OBJECTIVE: We evaluated the effects of music therapy on pain, depression and quality of life in patients with fibromyalgia.
METHODS: Ten online databases were searched to identify randomized controlled trials that investigated the effects of music therapy on fibromyalgia patients, published up to 1st January 2019. The results were filtered and independently extracted. Statistical heterogeneity was assessed using the chi-square test. According to the outcome of the heterogeneity indices, either a fixed effect or a random effect model was used.
RESULTS: In total, seven randomized controlled trials were included. The Pain Visual Analog Scale, the McGill Pain Scale, the Beck Depression Scale and the Fibromyalgia Impact Questionnaire were used as outcome measures. Our evidence indicated that patient intervention with music therapy had lower scores on the Pain Visual Analog Scale (95% confidence interval [CI] -2.22 to -1.18, Z = 6.44, P < 0.00001, four studies) and Beck Depression Scale (95% CI -0.65 to -0.03, Z = 2.17, P = 0.03, two studies). No significant differences were observed on the McGill Pain Scale between the music intervention and control groups (95% CI -0.83 to -0.09, Z = 1.59, P = 0.11). A general qualitative description of the Fibromyalgia Impact Questionnaire results was given due to high heterogeneity (I2 = 96%, P < 0.00001).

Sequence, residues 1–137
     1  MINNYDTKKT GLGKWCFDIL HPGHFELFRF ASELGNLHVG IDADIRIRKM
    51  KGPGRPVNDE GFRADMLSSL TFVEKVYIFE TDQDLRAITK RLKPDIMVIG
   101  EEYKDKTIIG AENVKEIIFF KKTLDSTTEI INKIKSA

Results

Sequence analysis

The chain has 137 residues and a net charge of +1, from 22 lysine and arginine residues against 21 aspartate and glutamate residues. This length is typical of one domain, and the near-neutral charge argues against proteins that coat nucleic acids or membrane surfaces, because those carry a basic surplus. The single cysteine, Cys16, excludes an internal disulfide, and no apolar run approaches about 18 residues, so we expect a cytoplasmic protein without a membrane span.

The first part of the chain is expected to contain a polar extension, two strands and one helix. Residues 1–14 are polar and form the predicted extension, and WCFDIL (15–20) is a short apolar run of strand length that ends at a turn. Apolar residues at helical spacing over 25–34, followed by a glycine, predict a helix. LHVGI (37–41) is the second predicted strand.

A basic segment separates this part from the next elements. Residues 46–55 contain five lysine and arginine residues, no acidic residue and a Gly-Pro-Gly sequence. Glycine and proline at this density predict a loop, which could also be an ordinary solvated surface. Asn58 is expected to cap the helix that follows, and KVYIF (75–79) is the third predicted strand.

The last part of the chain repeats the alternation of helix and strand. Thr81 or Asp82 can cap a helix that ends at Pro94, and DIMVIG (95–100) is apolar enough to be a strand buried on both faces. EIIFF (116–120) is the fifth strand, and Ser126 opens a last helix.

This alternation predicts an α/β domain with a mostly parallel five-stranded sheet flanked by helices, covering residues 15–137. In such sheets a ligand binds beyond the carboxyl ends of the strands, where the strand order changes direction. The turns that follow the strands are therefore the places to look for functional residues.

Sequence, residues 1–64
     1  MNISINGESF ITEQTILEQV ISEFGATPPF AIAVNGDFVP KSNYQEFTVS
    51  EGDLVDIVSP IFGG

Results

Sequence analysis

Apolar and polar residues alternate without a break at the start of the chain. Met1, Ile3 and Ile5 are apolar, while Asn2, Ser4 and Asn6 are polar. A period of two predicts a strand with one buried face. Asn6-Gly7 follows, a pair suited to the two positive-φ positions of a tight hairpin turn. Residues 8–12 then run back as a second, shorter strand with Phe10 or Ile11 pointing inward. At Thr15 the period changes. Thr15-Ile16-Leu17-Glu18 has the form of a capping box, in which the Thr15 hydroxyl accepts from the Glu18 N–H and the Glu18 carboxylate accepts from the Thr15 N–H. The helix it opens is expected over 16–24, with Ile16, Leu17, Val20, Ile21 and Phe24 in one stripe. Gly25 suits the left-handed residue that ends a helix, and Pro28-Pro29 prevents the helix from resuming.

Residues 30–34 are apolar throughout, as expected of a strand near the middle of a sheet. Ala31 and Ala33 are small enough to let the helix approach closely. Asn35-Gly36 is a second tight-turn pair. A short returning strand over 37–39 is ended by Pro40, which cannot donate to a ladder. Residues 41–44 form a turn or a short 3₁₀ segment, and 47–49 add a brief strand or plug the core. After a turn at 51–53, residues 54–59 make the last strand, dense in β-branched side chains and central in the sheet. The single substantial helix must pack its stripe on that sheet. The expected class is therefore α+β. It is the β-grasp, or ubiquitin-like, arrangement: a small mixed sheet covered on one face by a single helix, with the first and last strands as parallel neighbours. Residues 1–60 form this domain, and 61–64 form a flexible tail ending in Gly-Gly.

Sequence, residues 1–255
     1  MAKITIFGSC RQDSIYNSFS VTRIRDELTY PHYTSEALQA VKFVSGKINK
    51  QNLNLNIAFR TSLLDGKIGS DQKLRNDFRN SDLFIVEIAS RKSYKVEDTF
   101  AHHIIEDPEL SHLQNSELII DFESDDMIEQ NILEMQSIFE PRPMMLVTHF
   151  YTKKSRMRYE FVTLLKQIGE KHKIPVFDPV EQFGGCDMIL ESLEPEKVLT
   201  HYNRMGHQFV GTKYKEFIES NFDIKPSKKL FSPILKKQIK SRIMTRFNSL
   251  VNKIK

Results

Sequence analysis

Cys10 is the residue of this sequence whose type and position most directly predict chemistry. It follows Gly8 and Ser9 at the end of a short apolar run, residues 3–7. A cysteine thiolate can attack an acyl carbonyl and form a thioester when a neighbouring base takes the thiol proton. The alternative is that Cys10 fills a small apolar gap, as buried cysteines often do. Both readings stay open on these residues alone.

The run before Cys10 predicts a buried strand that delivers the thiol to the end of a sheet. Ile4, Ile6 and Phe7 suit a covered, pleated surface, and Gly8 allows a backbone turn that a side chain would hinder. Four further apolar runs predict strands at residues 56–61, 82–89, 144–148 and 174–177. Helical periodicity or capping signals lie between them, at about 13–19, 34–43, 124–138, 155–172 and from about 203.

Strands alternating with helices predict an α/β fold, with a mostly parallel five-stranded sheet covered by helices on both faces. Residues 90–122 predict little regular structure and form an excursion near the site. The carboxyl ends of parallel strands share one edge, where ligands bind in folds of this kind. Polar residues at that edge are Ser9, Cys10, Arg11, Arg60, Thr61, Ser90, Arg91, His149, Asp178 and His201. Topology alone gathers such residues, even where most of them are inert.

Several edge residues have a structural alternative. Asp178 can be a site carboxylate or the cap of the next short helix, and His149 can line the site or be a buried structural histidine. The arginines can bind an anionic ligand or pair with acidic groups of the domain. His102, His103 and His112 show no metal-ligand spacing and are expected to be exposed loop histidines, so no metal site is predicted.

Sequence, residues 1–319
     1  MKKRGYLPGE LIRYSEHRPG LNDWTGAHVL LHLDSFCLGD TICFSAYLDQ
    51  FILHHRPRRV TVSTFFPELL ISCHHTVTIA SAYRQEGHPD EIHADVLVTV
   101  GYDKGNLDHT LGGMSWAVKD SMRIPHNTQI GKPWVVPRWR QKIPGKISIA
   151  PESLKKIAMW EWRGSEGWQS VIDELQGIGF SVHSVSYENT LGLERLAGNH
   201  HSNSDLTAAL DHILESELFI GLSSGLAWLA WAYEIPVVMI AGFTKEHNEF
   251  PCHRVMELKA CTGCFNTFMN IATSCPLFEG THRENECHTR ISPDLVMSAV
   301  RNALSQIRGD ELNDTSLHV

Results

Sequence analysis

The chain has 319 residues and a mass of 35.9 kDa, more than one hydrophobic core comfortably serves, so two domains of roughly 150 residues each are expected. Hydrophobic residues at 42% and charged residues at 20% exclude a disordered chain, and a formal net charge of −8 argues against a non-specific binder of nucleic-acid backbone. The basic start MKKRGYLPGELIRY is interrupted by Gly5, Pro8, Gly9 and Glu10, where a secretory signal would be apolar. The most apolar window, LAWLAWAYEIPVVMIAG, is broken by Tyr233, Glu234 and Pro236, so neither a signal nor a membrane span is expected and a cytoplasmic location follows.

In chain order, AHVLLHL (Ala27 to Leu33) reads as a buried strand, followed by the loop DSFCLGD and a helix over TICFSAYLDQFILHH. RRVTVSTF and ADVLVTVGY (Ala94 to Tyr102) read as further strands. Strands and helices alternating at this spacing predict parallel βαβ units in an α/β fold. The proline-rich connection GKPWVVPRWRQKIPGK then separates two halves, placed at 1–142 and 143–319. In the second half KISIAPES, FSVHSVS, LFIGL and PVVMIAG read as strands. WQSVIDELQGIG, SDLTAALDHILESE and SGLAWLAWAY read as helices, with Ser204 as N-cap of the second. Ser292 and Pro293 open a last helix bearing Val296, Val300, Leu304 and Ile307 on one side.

CONCLUSIONS: The music therapy is superior to non-music therapy in the treatment of pain, depression, and improvement of quality of life in fibromyalgia patients. However, due to the low quantity and quality of the included studies, a larger number and high-quality of RCTs are needed to confirm the beneficial effects of music therapy.
Keywords: Depression Fibromyalgia Meta-analysis Music therapy Pain Quality of life